The construction of the Galleria at White Plains mall in the 1970s ushered in a new era of downtown retail and office development, but by the early 1990s, economic development had stagnated, hampered by a deep recession and the overbuilding of the commercial real estate markets. For a time, White Plains had the dubious distinction of having one of the highest office vacancy rates in the Northeast. Consolidation within the retail industry led to the closing of many of downtown's original department and specialty stores as well. After its bankruptcy, the B. Altman store closed in 1989 and was eventually demolished to make way for the massive upscale retail mall, The Westchester, which opened in 1995 with anchors Nordstrom and Neiman Marcus. A freestanding branch of Macy's, one of downtown's original retail anchors, was relocated two blocks away to The Galleria mall by its parent company, Federated Department Stores, replacing the location of sister retailer, Abraham & Straus when these two store divisions were merged in 1995. In early 2002, the Saks Fifth Avenue location was also closed and demolished; it was replaced in 2004 with the large retail complex called The Source at White Plains, featuring the high-end jewelery and home goods store Fortunoff's, and local outlets of the upscale restaurants Morton's of Chicago, The Cheescake Factory, and the gourmet supermarket chain Whole Foods Markets.

Other major projects were completed in the late 1990s and early 2000s that have dramatically altered further the urban character of downtown White Plains. A new courthouse for the Southern District of New York was opened in 1998 and several large scale office properties in and near downtown, including the former General Foods headquarters building, were retrofitted and leased to accommodate smaller businesses. The landmark Macy's store on Main Street remained vacant for several years until it was also later demolished to make way for the massive City Center White Plains complex. This large mixed-use development features two 35-story apartment and condominium towers, 600,000 square foot (60,000 m²) of retail, restaurant and entertainment space and new parking facilities. Aside from the Arts Exchange building (which used to be a bank), another bank next to the City Center was renovated to become Zanaro's, a Westchester-award-winning Italian restaurant. City Center's opening in 2003 marked the beginning of a new downtown development renaissance, and with the improving economy and healthy office leasing activity, White Plains entered the new millennium as the leading retail and office center in Westchester County.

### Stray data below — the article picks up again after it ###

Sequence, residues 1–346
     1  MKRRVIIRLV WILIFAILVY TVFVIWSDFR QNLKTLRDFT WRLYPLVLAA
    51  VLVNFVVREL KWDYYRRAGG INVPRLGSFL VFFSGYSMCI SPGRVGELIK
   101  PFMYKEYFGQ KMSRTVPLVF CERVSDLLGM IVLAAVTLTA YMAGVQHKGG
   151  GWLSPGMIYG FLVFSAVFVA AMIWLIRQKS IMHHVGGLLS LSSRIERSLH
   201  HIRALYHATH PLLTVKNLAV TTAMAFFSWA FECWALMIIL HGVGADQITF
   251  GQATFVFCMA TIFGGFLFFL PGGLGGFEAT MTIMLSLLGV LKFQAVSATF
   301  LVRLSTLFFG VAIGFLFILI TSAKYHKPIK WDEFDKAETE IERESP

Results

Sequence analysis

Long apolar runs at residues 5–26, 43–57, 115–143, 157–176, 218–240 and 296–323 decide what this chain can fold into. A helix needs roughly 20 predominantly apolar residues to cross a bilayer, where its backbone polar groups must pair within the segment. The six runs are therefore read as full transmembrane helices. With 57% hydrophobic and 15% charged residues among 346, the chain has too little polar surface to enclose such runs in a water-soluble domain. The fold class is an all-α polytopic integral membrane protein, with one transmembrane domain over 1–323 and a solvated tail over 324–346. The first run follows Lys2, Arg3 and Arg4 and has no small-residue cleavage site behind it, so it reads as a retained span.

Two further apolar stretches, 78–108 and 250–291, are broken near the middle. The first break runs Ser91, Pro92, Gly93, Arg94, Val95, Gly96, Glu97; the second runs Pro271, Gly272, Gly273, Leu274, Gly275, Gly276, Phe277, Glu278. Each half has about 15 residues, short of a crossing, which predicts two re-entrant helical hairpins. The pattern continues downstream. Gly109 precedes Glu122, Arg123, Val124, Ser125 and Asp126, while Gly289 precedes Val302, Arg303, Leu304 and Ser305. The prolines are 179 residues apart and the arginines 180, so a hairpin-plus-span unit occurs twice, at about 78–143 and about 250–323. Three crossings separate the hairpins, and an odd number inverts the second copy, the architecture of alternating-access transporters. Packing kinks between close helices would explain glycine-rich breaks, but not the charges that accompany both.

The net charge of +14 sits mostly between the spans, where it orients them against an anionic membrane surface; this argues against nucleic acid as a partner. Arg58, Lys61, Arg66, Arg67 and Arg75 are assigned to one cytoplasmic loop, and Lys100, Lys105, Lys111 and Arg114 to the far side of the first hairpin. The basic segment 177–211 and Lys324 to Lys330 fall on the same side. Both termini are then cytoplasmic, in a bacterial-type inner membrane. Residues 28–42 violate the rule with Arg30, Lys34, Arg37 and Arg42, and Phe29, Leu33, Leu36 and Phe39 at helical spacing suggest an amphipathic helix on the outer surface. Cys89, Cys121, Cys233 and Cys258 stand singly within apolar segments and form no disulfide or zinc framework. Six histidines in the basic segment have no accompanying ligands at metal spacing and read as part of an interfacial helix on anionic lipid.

White Plains is widely know throughout Westchester County for its bar scene. Mamaroneck Avenue and East Post Road are home to several highly trafficked watering holes, including The Black Bear Saloon, Lazy Boy Tavern, and the Thirsty Turtle.

In 2005, construction began on a second large parcel in the downtown area. The project, dubbed Renaissance Square, will feature two residential and hotel towers, each 40 stories tall, featuring a luxury Ritz-Carlton hotel and more than 400 condominium units. The expected opening date of the first tower is early 2008, at which time White Plains will once again boast the highest building between both New York City and Albany. (This title is currently held by the under-construction 39-story Trump Plaza in nearby New Rochelle, which in 2006 surpassed White Plains' 35-story Trump Tower, which was completed in 2005.)

Beginning in 2000, the city's permanent population experienced a growth spurt as additional apartment buildings were constructed. An infusion of urban professionals, drawn by the city's relatively moderate housing costs and close commuting distance to midtown Manhattan (35 minutes by express train) gave the city a cosmopolitan atmosphere. However, in large part because of its proximity to New York, the cost of living in White Plains, although lower than that of New York City itself, is by some measures among the highest in the nation.
Today's "Special"

Atlanta Bread Company

(Based On 2 Ratings)

220 Main St
White Plains, NY 10601